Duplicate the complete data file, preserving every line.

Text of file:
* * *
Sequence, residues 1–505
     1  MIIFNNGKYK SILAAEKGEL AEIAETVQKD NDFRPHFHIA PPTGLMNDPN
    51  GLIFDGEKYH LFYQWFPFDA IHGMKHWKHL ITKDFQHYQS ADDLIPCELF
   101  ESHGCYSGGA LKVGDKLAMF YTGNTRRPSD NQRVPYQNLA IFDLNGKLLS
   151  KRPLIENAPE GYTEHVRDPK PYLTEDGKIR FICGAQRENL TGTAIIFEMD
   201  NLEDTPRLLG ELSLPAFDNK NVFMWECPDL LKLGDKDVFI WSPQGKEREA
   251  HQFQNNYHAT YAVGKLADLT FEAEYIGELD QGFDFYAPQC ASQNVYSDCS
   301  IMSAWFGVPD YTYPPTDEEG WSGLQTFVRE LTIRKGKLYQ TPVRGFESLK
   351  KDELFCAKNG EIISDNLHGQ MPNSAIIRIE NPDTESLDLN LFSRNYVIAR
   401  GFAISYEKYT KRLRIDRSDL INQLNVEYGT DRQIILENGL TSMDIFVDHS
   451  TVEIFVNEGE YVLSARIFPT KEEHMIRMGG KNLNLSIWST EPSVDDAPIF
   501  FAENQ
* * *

Sequence, residues 1–505
     1  MIIFNNGKYK SILAAEKGEL AEIAETVQKD NDFRPHFHIA PPTGLMNDPN
    51  GLIFDGEKYH LFYQWFPFDA IHGMKHWKHL ITKDFQHYQS ADDLIPCELF
   101  ESHGCYSGGA LKVGDKLAMF YTGNTRRPSD NQRVPYQNLA IFDLNGKLLS
   151  KRPLIENAPE GYTEHVRDPK PYLTEDGKIR FICGAQRENL TGTAIIFEMD
   201  NLEDTPRLLG ELSLPAFDNK NVFMWECPDL LKLGDKDVFI WSPQGKEREA
   251  HQFQNNYHAT YAVGKLADLT FEAEYIGELD QGFDFYAPQC ASQNVYSDCS
   301  IMSAWFGVPD YTYPPTDEEG WSGLQTFVRE LTIRKGKLYQ TPVRGFESLK
   351  KDELFCAKNG EIISDNLHGQ MPNSAIIRIE NPDTESLDLN LFSRNYVIAR
   401  GFAISYEKYT KRLRIDRSDL INQLNVEYGT DRQIILENGL TSMDIFVDHS
   451  TVEIFVNEGE YVLSARIFPT KEEHMIRMGG KNLNLSIWST EPSVDDAPIF
   501  FAENQ